Obviously, this book also contains angels and the astral deva (CR 17/MR 7) not only receives access to the powerful litany-spells, they may actually end challenges, judgments and the like and render the damage caused nonlethal...speaking of judgment: A scroll allows them to pronounce judgments. Pretty awesome build! The CR 3/MR 1 Cassisian receives a defensive aura and may use its powers to support allies, allowing them to roll two Will-saves and combine mythic surges with that. They also get a nice artwork.


At CR 15/MR 6, the monadic deva may use mythic power to unleash an anti-elemental/evil-creature burst and purge elementals and chain devastating morningstar attacks together. The CR 12/MR 5 movanic deva has an always-on bane and their purifying greatswords can unleash daylight via mythic power and sever the enslavement of animals, plants and undead. The CR 20/MR 8 Planetar can unleash flurries of razor-sharp feathers and actually unleash lethal wing buffets with all 4 wings and as celestial master strategists, these creatures may share teamwork feats among their allies. Oh, and their very flesh of emerald ice is anathema to evil. Awesome! Speaking of which: Arguably one of the most lethal creatures out there is the solar and the CR 28/MR 10 mythic version is so lethal, I can see theory-craft threads springing up on how to take them down. AC 56. Regen 15. Almost 500 Hp. DR 20/- (applies even against SPELLS, smites, etc!); exceedingly high SR, deadly SLs and spells, no-save dazzle aura (blind on failed saves), miss chances, immunities...oh, and spontaneous negation of negative levels, ability damage and mythic power-based negation of conditions...and know what? Offense is just as brutal. This may actually be one of the most deadly builds to have ever been printed for PFRPG - love it! These guys WILL put up a brutal fight against even the best of PCs!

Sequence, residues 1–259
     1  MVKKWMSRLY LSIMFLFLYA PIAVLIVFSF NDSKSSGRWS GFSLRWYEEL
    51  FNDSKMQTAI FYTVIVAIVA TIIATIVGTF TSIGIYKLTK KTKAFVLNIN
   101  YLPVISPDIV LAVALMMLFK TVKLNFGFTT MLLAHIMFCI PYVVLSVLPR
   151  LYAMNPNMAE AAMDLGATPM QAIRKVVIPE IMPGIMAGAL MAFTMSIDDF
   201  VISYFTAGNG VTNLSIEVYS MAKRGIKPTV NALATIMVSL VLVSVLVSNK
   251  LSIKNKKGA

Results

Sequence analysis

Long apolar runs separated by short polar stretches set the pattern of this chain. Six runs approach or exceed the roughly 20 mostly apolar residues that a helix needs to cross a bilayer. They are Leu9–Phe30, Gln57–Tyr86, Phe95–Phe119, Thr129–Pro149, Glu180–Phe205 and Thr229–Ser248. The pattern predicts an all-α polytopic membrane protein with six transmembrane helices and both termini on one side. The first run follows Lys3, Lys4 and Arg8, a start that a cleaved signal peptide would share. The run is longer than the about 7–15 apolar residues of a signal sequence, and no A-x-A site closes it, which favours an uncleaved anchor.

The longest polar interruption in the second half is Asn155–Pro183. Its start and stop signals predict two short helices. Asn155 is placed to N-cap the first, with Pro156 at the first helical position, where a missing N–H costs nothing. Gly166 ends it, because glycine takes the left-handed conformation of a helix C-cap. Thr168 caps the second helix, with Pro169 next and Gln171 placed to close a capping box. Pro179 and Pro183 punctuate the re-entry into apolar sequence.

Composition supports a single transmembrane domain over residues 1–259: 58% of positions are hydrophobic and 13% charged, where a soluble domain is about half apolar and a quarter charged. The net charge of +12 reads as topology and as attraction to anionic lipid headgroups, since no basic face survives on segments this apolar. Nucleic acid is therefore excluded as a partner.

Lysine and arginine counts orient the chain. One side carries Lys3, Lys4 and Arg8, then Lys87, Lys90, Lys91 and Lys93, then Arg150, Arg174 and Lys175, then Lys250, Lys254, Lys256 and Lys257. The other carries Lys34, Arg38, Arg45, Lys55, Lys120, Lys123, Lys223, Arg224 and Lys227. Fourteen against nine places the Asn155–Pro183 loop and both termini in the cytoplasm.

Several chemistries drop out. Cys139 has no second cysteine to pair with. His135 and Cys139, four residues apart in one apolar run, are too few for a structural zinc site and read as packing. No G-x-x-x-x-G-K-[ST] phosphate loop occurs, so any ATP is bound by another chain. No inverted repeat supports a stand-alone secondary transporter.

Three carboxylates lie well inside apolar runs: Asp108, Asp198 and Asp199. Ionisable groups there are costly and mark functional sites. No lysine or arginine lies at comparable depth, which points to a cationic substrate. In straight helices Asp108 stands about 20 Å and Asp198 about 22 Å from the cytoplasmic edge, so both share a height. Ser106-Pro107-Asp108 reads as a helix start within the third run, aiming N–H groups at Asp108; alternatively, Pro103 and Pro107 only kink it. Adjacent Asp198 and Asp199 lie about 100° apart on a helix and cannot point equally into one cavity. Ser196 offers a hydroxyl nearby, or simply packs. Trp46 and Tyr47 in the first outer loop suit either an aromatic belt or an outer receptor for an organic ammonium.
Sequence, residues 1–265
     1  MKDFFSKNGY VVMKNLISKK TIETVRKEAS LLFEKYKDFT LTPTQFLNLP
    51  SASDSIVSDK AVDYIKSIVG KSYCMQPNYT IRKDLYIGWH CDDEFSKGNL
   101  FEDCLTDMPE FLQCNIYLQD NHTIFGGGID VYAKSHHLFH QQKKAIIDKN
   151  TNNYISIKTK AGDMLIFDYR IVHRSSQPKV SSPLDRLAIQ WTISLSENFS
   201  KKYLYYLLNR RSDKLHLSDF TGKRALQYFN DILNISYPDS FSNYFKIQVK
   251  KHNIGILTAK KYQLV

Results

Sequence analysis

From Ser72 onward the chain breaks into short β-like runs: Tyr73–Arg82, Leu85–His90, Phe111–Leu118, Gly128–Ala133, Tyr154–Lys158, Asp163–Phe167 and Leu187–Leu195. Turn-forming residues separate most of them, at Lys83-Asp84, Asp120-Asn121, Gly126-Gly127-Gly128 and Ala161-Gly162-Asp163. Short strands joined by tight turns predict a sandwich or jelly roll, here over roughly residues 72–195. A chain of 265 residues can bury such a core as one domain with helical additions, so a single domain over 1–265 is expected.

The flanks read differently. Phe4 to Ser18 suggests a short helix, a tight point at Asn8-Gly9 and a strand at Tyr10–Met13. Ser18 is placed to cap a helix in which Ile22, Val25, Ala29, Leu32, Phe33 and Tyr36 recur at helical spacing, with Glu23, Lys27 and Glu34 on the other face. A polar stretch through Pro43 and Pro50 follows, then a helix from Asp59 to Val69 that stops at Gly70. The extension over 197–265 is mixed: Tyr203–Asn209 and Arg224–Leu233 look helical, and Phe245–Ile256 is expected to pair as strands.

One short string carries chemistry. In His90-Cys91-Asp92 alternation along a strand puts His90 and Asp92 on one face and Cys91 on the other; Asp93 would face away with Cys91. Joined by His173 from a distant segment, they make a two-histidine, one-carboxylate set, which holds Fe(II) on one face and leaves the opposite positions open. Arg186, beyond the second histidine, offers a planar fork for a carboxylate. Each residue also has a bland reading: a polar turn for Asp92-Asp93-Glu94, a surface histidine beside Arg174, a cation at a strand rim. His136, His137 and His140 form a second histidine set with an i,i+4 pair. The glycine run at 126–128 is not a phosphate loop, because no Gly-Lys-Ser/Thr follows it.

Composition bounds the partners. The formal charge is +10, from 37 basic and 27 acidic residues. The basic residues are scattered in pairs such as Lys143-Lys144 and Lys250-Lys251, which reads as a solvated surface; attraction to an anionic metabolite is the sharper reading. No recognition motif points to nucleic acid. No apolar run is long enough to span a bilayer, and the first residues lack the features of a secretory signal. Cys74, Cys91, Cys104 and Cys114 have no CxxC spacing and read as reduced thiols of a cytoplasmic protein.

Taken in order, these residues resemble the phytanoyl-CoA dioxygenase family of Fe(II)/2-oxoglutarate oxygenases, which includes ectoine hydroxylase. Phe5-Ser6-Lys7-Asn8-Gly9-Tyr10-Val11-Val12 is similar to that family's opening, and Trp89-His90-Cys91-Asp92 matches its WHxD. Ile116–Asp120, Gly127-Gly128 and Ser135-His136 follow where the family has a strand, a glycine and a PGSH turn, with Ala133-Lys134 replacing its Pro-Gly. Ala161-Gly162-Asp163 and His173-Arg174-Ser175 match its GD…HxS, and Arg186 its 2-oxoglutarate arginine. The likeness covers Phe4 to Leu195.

Now, as always, we receive a new creature herein, which, this time around would be the CR 8/MR 3 Rhampholeal agathion - small bipedal chameleon-humanoids that not only look cute, but also kind of badass - and yes, they are superb infiltrators and foes of demon-kind and their abilities sport trickster path abilities. Nice to see stealthy scouts enter the ranks of the heavenly host, particularly with such a nice visual.


Conclusion:


Editing and formatting are top-notch, I noticed no significant glitches. Layout adheres to Legendary Games' two-column full-color standard and the pdf comes fully bookmarked for your convenience. The artworks provided are nice as well.


Jason Nelson, Jonathan H. Keith and Sean K Reynolds deliver in this installment: Much like devils, angels and agathions are determined by their hierarchies as well as by their alignment-axis: They need to excel at their respective areas of expertise and provide accordingly well-crafted, precise and lethal builds - and oh boy does this deliver!